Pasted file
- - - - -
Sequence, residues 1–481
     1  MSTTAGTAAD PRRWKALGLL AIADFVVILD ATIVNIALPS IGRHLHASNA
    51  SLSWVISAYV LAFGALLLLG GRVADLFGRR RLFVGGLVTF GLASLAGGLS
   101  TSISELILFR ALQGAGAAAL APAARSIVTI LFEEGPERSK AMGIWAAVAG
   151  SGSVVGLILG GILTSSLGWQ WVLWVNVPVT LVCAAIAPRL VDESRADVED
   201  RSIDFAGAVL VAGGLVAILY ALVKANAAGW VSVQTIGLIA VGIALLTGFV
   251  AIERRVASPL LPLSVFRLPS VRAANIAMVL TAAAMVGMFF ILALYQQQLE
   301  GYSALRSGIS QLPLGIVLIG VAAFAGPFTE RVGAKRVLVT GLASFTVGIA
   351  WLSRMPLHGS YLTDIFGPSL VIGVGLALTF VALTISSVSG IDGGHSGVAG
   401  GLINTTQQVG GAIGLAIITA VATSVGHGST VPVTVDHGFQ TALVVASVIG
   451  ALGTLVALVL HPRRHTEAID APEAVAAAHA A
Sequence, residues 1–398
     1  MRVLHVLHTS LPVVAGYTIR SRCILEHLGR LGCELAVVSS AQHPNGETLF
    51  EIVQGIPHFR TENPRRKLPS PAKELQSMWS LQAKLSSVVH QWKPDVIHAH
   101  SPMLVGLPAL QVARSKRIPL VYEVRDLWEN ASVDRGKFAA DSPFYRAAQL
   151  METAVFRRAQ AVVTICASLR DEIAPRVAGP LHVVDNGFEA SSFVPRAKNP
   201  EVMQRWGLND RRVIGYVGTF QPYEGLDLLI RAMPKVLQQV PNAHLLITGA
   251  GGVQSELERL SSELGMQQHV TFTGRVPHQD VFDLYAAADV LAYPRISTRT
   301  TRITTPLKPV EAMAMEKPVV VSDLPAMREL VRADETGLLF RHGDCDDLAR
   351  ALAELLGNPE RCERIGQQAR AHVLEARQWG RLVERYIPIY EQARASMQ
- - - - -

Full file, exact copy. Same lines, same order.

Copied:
Sequence, residues 1–481
     1  MSTTAGTAAD PRRWKALGLL AIADFVVILD ATIVNIALPS IGRHLHASNA
    51  SLSWVISAYV LAFGALLLLG GRVADLFGRR RLFVGGLVTF GLASLAGGLS
   101  TSISELILFR ALQGAGAAAL APAARSIVTI LFEEGPERSK AMGIWAAVAG
   151  SGSVVGLILG GILTSSLGWQ WVLWVNVPVT LVCAAIAPRL VDESRADVED
   201  RSIDFAGAVL VAGGLVAILY ALVKANAAGW VSVQTIGLIA VGIALLTGFV
   251  AIERRVASPL LPLSVFRLPS VRAANIAMVL TAAAMVGMFF ILALYQQQLE
   301  GYSALRSGIS QLPLGIVLIG VAAFAGPFTE RVGAKRVLVT GLASFTVGIA
   351  WLSRMPLHGS YLTDIFGPSL VIGVGLALTF VALTISSVSG IDGGHSGVAG
   401  GLINTTQQVG GAIGLAIITA VATSVGHGST VPVTVDHGFQ TALVVASVIG
   451  ALGTLVALVL HPRRHTEAID APEAVAAAHA A
Sequence, residues 1–398
     1  MRVLHVLHTS LPVVAGYTIR SRCILEHLGR LGCELAVVSS AQHPNGETLF
    51  EIVQGIPHFR TENPRRKLPS PAKELQSMWS LQAKLSSVVH QWKPDVIHAH
   101  SPMLVGLPAL QVARSKRIPL VYEVRDLWEN ASVDRGKFAA DSPFYRAAQL
   151  METAVFRRAQ AVVTICASLR DEIAPRVAGP LHVVDNGFEA SSFVPRAKNP
   201  EVMQRWGLND RRVIGYVGTF QPYEGLDLLI RAMPKVLQQV PNAHLLITGA
   251  GGVQSELERL SSELGMQQHV TFTGRVPHQD VFDLYAAADV LAYPRISTRT
   301  TRITTPLKPV EAMAMEKPVV VSDLPAMREL VRADETGLLF RHGDCDDLAR
   351  ALAELLGNPE RCERIGQQAR AHVLEARQWG RLVERYIPIY EQARASMQ